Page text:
Balticsdating com

19-Apr-2015 20:36

They began singing songs that were explicitly about independence.

At a 1988 Lithuanian choir festival, singers unfurled a pre-Soviet Lithuanian flag on stage and blocked Soviet officials who tried to remove the activists from the stage. Within two years, the Baltic nations held government elections and negotiated independence from the Soviet Union. Then, in 1991, Soviet anti-independence forces decided to crack down.

He explains the context of each song—both the events at which it was sung and the speeches that surrounded it—and delves into political science theory and music therapy to better understand how songs became powerful tools of protest.

“What they had to build on was something very unique—this 150-year-old choir movement that recognized singing and songs as weapons, as something that could be adapted to a nonviolent movement. ### See the full story and more photos in Perspectives, the College of Arts & Sciences’ newsletter.

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Concert tickets are cheap: usually less than 2 lats. Peter's Church, also in the old town, offers celestial views from its observation deck. Filling and sprawling around the large former Zeppelin hangars, this colorful, photo-friendly market gives you a real insight into local life.For an unflinching look at Russian domination, tour Riga's Occupation Museum.English captions tell the relentless tale of Latvia's bleak history from 1940 to 1990, including the deportation of Latvians to Siberia.0 comments Riga's tall 19th- and 20th-century buildings give Latvia's capital a cosmopolitan feel and vertical accent unusual in the Baltics.Riga is the Baltics' closest attempt at a metropolis. This ethnic mix is potentially the Baltics' most explosive, yet you'll see very little friction. Latvia's major newspapers, such as the daily Diena, come out in both Latvian and Russian.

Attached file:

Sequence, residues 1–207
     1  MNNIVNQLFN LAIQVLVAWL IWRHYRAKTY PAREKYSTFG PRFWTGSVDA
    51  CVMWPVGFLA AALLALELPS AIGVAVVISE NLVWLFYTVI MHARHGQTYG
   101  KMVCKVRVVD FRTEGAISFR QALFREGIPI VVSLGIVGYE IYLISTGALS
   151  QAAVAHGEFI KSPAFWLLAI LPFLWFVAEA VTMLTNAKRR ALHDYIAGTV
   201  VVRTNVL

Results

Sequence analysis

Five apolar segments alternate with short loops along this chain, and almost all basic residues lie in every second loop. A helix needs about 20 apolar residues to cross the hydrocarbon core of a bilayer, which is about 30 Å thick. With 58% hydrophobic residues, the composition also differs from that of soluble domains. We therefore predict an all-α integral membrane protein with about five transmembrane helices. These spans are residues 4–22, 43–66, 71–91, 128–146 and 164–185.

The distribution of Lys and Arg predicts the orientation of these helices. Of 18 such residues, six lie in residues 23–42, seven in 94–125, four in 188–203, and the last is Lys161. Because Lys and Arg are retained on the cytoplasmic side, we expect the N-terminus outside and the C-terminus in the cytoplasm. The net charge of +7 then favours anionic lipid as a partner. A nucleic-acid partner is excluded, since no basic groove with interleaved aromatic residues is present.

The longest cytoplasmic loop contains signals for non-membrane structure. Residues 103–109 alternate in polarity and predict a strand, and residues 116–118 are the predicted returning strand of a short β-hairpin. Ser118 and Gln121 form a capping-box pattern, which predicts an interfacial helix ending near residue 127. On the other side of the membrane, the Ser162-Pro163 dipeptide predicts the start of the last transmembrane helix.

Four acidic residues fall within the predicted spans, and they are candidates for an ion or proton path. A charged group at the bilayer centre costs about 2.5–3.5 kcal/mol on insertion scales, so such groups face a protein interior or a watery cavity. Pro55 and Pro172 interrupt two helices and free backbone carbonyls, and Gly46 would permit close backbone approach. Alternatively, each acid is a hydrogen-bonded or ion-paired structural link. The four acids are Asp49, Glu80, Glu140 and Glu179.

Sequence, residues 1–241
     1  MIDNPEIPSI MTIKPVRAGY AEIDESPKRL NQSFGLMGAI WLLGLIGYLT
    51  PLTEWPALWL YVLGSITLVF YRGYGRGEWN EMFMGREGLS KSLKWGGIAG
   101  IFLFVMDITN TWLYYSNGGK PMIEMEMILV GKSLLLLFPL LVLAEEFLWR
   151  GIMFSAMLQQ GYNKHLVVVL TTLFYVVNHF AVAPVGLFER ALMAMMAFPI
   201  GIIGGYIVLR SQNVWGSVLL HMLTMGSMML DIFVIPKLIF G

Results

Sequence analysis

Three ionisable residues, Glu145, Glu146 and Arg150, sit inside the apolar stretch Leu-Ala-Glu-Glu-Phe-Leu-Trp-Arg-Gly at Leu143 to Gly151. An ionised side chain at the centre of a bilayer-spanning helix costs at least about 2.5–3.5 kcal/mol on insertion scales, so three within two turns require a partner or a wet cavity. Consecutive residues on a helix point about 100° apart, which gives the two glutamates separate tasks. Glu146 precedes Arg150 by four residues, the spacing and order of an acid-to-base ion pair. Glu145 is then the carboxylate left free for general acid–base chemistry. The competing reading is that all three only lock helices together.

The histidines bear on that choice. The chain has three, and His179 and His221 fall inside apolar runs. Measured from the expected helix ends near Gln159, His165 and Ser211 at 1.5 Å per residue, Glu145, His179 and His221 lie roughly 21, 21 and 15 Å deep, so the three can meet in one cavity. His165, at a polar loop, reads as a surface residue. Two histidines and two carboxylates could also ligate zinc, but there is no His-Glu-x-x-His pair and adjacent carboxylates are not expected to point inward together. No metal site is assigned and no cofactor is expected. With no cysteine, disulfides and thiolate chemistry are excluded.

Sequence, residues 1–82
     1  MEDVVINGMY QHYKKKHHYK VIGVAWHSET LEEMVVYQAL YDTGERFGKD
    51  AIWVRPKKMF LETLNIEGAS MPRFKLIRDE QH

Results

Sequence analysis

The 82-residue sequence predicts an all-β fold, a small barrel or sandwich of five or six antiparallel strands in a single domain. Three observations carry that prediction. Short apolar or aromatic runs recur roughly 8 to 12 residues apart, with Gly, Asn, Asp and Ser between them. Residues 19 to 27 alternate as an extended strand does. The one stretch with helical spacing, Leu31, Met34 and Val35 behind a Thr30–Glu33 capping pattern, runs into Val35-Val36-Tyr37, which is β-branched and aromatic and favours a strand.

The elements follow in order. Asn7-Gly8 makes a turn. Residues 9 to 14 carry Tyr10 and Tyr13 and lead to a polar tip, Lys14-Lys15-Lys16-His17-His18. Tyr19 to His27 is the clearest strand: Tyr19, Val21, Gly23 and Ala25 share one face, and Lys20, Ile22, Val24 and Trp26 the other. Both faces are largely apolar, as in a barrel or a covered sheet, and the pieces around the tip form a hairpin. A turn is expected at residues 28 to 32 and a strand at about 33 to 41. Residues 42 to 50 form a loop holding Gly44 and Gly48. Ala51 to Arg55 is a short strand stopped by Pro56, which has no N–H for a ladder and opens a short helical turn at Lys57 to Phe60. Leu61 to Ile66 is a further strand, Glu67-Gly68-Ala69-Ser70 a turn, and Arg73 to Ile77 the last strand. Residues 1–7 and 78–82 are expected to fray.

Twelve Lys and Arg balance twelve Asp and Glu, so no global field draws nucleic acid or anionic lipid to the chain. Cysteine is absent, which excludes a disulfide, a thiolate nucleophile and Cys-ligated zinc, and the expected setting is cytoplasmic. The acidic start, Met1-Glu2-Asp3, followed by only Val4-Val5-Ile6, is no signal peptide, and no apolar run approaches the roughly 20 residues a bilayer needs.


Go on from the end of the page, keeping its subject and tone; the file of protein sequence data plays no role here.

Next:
Concert tickets are cheap: usually less than 2 lats. Peter's Church, also in the old town, offers celestial views from its observation deck. Filling and sprawling around the large former Zeppelin hangars, this colorful, photo-friendly market gives you a real insight into local life.

For an unflinching look at Russian domination, tour Riga's Occupation Museum.

English captions tell the relentless tale of Latvia's bleak history from 1940 to 1990, including the deportation of Latvians to Siberia.

0 comments Riga's tall 19th- and 20th-century buildings give Latvia's capital a cosmopolitan feel and vertical accent unusual in the Baltics.

Riga is the Baltics' closest attempt at a metropolis. This ethnic mix is potentially the Baltics' most explosive, yet you'll see very little friction. Latvia's major newspapers, such as the daily Diena, come out in both Latvian and Russian.

The Old Town's formidable Dome Church dates from 1211.